an equalizer configured to receive the delayed reference signal and generate the correction signal;
a minimum least mean square (LMS) algorithm unit configured to output a first weight vector signal to the equalizer based on the processed signal and the first correlation signal;
a second correlator configured to correlate the corrupted receive signal with the correction signal to generate a second correlation signal;
a maximum least mean square (LMS) algorithm unit configured to output a second weight vector signal to the equalizer based on the second correlation signal; and
an LMS algorithm selection unit configured to input a weight select vector signal to the equalizer based on the first and second correlation signals to determine which of the first and second weight vector signals should be used by the equalizer to generate the correction signals.
7. The base station of claim 6 wherein the SIC is disabled on a condition that the transmit power of the transmitter falls below a predetermined threshold.
8. A base station comprising:
a plurality of transmitters associated with the different RATs, each of the transmitters configured to generate transmit signals which produces a cross RAT interfering signal that corrupts receive signals;
a plurality of receivers associated with different RATs which receives the corrupted receive signals;
a self-interference canceller (SIC) configured to:
receive a plurality of reference signals including the cross RAT interfering signal in receive bands;
receive the corrupted receive signals from the plurality of receivers including the respective self-interfering signals;
filter and extract a plurality of correction signals from the plurality of reference signals; and
a plurality of adders configured to subtract the correction signals from the respective corrupted receive signals to generate a plurality of desired receive signals, wherein the transmitters are transmitting and the receivers are receiving on different channels.
9. A self-interference canceller (SIC) for removing noise from a received signal, the noise generated by a transmitter, the SIC comprising:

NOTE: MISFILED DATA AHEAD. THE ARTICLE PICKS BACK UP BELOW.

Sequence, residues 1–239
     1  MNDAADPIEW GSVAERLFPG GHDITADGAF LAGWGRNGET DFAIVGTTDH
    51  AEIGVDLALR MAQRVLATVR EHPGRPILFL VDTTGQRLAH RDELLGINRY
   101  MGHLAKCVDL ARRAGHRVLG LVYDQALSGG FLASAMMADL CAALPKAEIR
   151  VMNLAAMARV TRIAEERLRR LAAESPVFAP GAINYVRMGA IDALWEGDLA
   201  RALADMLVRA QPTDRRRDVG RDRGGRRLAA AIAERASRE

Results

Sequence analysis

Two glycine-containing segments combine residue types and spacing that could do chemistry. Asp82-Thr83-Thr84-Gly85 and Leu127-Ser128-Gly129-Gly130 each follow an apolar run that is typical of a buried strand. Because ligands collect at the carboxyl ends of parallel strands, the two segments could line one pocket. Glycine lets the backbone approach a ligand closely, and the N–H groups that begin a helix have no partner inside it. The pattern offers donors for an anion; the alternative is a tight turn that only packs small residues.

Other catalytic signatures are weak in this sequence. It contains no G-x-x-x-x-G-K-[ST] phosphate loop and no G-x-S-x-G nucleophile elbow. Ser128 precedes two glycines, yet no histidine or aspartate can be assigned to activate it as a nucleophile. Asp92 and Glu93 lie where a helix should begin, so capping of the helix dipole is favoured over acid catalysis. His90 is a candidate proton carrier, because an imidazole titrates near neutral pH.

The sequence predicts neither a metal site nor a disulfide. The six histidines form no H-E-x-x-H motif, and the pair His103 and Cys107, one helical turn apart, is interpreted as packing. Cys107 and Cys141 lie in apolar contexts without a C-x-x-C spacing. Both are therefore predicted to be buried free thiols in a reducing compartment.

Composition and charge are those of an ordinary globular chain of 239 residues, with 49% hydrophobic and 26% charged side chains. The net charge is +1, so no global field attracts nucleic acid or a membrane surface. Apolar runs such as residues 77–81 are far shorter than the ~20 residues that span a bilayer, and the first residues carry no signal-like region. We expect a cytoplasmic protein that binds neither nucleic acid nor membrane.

a delay unit configured to receive and delay a reference signal;
an adder configured to receive a corrupted receive signal, output a processed signal by subtracting a correction signal from the corrupted signal;
a first correlator configured to correlate the delayed reference signal with the processed signal to generate a first correlation signal;
an equalizer configured to receive the delayed reference signal and generate the correction signal;
a minimum least mean square (LMS) algorithm unit configured to output a first weight vector signal to the equalizer based on the processed signal and the first correlation signal;
a second correlator configured to correlate the corrupted signal with the correction signal to generate a second correlation signal;
a maximum least mean square (LMS) algorithm unit configured to output a second weight vector signal to the equalizer based on the second correlation signal; and
an LMS algorithm selection unit that inputs a weight select vector signal to the equalizer based on the first and second correlation signals to determine which of the first and second weight vector signals should be used by the equalizer to generate the correction signal.
10. The SIC of claim 9 wherein the SIC is disabled on a condition that the transmit power of the transmitter falls below a predetermined threshold.
11. A method of removing a self-interfering signal generated by a transmitter, the method comprising:
receiving and delaying by a delay unit a transmitter noise reference signal including the self-interfering signal;
generating a correction signal by an equalizer based on the delayed transmitter noise reference signal;
receiving by a receiver a corrupted signal including the self-interfering signal and a desired signal;
subtracting the correction signal from the corrupted signal by an adder to generate a processed signal;
correlating the delayed transmitter noise reference signal by a first correlator with the processed signal to generate a first correlation signal;
generating a first weight vector signal by the equalizer based on the processed signal and the first correlation signal;
correlating the corrupted signal with the correction signal by a second correlator to generate a second correlation signal;
generating a second weight vector signal by the equalizer based on the second correlation signal; and
determining which of the first and second weight vector signals should be used to generate the correction signal by an LMS algorithm selection unit.